But I also knew that if we put in the hard work up front, eventually things would get a little easier, and now we have an amazing team of really sharp, reliable people, and everybody brings a lot to the table. Looking back now at everything we've done and built, I think if I had known in the beginning the level of effort that would go into the last few years, it would have been completely terrifying. So I am glad I didn't know the whole of it. But I'm very thrilled that it unfolded how it has so far. 

That’s funny because I always want somebody to give me this piece of magic advice when the best thing is to not know because it would probably scare you off.

As I was preparing for this interview, I was checking out your social media and I'm really curious what angry.unicorns.lol is, because it seems very different from the rest of the things you do.

They're my creations. I started drawing years ago, and I can't draw on paper to save my life, but making them in Illustrator was really fun. A lot of them were made into stickers and people kept asking for them. So I would bring bundles into my old office and throw them out on the table for people to take, and I mailed them around the globe a few times. And some of them are really special to me and were birthed from special points in my life. But ultimately, they were just kind of an outlet and if other people enjoy it then that makes me happy. So it's just a fun thing to do.

Art by Whitney Champion

I totally get it, you need to have that creative energy go somewhere. 

What is OpenSOC.io?

It's actually Eric's brainchild from years ago. He started running it for his security team when he was still at the Texas Department of Public Safety. He wanted to turn it into something more exciting, so it became OpenSOC, and we built it. It's a BlueTeam CTF. We built the competition based on open source and ‘accessible to everybody’ tools. We run our own range. It's a full enterprise environment with all the bells and whistles. We’ve got user automation, traffic generation, and mail generation. It generates a ton of telemetry and all that gets shipped to our OpenSOC security stack. We provide participants with a suite of open source DFIR tools like OpenSearch, or ELK as most probably know it, Velociraptor, osquery, Arkime (which was formerly known as Moloch) and then we essentially execute one or more scenarios as if we were various threat actors or APTs. So the participants then become the incident responders, and they have to go find all the artifacts throughout the environment and basically piece together the incident.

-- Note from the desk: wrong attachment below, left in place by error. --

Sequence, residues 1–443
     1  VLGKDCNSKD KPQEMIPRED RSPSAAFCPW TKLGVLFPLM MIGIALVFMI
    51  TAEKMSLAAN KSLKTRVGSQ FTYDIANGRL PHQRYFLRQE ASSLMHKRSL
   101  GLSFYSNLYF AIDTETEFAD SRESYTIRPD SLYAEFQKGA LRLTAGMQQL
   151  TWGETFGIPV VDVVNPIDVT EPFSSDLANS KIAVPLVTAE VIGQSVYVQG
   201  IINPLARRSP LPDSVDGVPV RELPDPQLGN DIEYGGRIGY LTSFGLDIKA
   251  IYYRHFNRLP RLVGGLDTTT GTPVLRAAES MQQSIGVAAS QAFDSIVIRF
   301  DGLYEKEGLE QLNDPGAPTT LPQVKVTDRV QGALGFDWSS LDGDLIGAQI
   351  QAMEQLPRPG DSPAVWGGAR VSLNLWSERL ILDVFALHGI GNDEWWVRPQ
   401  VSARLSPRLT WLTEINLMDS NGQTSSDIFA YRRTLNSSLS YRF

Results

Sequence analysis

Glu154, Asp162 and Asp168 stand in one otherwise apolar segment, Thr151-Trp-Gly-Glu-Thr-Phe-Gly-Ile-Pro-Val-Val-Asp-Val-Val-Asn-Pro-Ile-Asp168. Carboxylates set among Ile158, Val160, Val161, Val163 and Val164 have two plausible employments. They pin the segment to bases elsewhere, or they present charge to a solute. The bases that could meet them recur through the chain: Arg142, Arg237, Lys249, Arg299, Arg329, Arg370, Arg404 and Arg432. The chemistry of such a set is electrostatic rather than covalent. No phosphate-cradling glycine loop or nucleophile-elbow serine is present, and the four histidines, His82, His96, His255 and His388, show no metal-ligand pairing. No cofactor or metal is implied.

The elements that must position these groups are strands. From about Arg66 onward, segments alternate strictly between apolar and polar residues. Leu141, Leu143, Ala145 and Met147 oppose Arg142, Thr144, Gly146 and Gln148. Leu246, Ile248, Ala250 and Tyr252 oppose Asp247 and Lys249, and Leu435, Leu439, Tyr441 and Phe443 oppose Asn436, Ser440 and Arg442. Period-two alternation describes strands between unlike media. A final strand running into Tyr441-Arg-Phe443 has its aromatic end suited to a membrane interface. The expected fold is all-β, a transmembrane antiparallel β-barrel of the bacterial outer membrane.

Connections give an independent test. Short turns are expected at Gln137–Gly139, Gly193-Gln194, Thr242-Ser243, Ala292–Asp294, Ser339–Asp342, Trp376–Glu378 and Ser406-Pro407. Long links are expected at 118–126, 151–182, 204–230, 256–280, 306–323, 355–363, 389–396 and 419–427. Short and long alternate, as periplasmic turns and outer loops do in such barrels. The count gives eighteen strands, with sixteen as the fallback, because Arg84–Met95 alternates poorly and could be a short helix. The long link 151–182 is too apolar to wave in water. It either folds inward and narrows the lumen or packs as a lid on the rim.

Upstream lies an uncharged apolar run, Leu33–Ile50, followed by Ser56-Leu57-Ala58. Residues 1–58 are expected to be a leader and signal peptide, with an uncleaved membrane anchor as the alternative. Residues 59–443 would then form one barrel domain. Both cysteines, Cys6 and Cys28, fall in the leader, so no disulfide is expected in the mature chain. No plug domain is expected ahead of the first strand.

So when they're in there, they've got access to firewall and IDS logs, Thinkst Canary logs, Windows and Linux system logs, packet captures. They have the ability to interrogate all the endpoints with osquery and Velociraptor. So, all the things. And then they start threat hunting. They’re trying to figure out things like, did the attacker exfil any data? What is the impact? How did they get in, and what did they access? Was there any lateral movement, what systems were affected, or even, how could this have been prevented? And so on.